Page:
Where Does Alcohol Come From?

All alcoholic beverages contain ethanol. Any plant can be used as a source material, although fruits and grains work best because they are naturally high in the carbohydrates needed for fermentation.
All alcoholic beverages contain ethanol. Any plant can be used as a source material, although fruits and grains work best because they are naturally high in the carbohydrates needed for fermentation. Nick Purser / Getty Images

The alcohol that you can drink is ethyl alcohol or ethanol. It is produced by fermenting carbohydrates, such as sugars or starches. Fermentation is an anerobic process used by yeast to convert sugars into energy. Ethanol and carbon dioxide are waste products of the reaction. The reaction for the fermentation of glucose to produce ethanol and carbon dioxide is:

C6H12O6 → 2C2H5OH + 2CO2

The fermented product may be used (e.g., wine) or distillation may be used to concentrate and purify the alcohol (e.g., vodka, tequila).

Where Does Alcohol Come From?

Just about any plant matter can be used to produce alcohol. Here is a list of the source material for several popular alcoholic beverages.

Ale - fermented from malt with hops

Beer - brewed and fermented from malted cereal grain (as barley), flavored with hops

Bourbon - whiskey distilled from a mash of not less than 51 percent corn and aged in new charred oak barrels for a minimum of two years

Brandy - distilled from wine or fermented fruit juice

Cognac - a brandy distilled from white wine from a specific region of France

Gin - distilled or redistilled neutral grain spirits from a variety of sources, flavored with juniper berries and other aromatics

Rum - distilled from a sugarcane product such as molasses or sugarcane juice

Sake - produced by a brewing process using rice

Tequila - a Mexican liquor distilled from blue agave

Vodka - distilled from a mash as of potatoes, rye or wheat

Whiskey - distilled from mash of grain such as rye, corn, or barley

Scotch - whiskey distilled in Scotland typically from malted barley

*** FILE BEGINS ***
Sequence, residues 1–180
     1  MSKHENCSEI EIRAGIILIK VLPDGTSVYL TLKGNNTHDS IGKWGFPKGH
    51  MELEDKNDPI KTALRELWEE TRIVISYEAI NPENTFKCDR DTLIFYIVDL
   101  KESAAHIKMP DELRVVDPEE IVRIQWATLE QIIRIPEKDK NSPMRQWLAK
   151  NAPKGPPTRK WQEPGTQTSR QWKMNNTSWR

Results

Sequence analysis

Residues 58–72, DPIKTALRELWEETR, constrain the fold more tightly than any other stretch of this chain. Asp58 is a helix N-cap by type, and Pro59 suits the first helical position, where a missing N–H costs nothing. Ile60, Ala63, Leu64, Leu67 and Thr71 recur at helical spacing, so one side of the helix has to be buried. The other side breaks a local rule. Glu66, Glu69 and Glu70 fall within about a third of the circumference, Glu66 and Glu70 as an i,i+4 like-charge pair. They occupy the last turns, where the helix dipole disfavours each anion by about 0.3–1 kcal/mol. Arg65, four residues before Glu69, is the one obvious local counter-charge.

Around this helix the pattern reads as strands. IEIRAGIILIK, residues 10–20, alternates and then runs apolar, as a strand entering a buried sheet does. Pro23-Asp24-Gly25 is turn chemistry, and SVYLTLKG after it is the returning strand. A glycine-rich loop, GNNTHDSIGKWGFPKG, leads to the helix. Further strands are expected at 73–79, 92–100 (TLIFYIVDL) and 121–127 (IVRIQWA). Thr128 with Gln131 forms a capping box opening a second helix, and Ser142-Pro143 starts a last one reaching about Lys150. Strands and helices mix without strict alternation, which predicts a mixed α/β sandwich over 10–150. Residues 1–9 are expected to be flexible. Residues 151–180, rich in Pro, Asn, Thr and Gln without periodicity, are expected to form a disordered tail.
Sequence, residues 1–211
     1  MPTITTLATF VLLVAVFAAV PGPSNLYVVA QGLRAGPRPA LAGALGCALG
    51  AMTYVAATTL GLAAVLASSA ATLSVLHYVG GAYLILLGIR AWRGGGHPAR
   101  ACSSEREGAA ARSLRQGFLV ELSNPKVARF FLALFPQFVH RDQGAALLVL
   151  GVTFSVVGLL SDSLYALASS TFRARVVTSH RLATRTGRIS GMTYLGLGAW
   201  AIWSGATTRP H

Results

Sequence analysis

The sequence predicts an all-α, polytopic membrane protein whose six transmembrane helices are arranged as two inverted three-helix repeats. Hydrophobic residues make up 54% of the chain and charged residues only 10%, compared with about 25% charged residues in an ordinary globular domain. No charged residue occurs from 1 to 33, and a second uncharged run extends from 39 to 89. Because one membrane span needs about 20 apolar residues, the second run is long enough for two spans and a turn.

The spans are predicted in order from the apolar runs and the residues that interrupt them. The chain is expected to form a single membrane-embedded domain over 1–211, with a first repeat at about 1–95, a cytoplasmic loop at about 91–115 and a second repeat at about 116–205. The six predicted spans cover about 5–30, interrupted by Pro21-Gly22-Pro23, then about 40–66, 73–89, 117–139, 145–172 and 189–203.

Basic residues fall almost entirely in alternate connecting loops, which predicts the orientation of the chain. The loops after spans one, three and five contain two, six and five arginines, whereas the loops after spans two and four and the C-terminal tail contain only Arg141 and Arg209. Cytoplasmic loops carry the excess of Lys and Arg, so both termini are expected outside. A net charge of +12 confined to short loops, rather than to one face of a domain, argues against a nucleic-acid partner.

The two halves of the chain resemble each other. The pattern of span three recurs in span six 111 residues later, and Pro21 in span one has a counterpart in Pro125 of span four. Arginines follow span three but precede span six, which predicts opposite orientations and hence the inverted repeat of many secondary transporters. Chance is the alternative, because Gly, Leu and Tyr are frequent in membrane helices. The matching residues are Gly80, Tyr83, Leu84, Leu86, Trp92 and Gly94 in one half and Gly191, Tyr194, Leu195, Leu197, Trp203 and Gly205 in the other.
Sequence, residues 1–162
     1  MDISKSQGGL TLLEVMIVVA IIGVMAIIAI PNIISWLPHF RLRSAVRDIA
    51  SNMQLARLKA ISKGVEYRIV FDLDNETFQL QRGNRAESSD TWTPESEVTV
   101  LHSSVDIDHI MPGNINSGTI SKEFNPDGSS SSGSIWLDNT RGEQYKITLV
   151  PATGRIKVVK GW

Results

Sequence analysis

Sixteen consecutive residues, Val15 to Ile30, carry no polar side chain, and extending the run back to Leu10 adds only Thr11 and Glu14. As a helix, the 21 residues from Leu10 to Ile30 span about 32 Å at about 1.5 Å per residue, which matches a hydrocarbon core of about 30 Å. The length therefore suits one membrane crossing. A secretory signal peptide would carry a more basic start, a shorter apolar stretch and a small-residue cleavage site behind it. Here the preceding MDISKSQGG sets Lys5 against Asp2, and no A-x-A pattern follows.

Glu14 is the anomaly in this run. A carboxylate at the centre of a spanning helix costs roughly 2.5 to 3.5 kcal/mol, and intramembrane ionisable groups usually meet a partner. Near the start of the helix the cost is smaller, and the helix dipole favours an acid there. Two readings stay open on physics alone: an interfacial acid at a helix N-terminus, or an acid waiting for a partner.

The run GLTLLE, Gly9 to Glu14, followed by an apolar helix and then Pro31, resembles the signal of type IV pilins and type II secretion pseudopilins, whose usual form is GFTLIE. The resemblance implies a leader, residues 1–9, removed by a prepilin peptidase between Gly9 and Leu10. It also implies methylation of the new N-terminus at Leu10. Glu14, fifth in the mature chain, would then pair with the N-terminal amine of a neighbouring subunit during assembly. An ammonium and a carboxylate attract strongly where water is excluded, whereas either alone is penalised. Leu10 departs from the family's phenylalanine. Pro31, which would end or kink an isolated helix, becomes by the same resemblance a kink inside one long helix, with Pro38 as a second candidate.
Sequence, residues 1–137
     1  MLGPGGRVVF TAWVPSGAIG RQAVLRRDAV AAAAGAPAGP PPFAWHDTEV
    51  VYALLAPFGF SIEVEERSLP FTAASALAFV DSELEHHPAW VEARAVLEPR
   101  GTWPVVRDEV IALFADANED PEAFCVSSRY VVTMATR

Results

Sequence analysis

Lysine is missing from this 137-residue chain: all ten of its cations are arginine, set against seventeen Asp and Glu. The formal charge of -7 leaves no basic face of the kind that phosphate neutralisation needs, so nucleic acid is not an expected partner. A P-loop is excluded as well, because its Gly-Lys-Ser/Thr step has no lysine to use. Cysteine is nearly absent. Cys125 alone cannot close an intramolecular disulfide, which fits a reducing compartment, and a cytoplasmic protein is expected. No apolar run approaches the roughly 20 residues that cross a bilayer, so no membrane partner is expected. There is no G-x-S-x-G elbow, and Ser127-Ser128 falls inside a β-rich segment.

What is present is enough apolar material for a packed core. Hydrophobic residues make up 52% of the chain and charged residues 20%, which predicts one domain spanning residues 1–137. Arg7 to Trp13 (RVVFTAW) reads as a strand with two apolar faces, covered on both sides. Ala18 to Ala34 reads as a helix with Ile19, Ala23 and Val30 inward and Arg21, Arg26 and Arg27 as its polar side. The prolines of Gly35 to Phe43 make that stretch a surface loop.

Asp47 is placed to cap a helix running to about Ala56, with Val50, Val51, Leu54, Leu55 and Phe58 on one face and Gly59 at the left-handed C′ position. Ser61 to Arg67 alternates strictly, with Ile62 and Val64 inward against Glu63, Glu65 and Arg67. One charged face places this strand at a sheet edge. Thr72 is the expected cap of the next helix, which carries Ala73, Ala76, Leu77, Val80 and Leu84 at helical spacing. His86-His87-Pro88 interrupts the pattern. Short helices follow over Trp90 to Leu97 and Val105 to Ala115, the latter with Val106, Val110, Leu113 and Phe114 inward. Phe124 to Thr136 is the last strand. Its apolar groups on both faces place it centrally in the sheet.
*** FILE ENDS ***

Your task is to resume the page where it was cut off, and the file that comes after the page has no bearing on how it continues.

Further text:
Wine - fermented juice of fresh grapes and/or other fruit (e.g., blackberry wine)

When you get right down to it, any material that contains sugars or starches could be used as a start point for fermentation to produce alcohol.

Difference Between Distilled Spirits and Fermented Beverages

Although all alcohol is produced from fermentation, some beverages are further purified via distillation. Fermented beverages are consumed as-is, possibly after filtration to remove sediments. The fermentation of grain (beer) and grapes (wine) can produce other by-products, including toxic methanol, but these by-products are present in low enough amounts they don't typically cause health problems. 

Distilled beverages, called "spirits", start out as fermented beverages, but then distillation occurs. The liquid is heated at a carefully controlled temperature to separate components of the mixture based on their boiling points. The portion that boils at a lower temperature than ethanol is called the "heads". Methanol is one of the components removed with the "heads". The ethanol boils next, to be recovered and bottled. At a higher temperature, the "tails" boil. Some of the "tails" may be included in the final product because these chemicals add unique flavor. Sometimes additional ingredients (coloring and flavoring) are added to distilled spirits to make the final product.

Fermented beverages usually have a lower alcohol content than spirits.

A typical spirit is 80-proof, which is 40% alcohol by volume.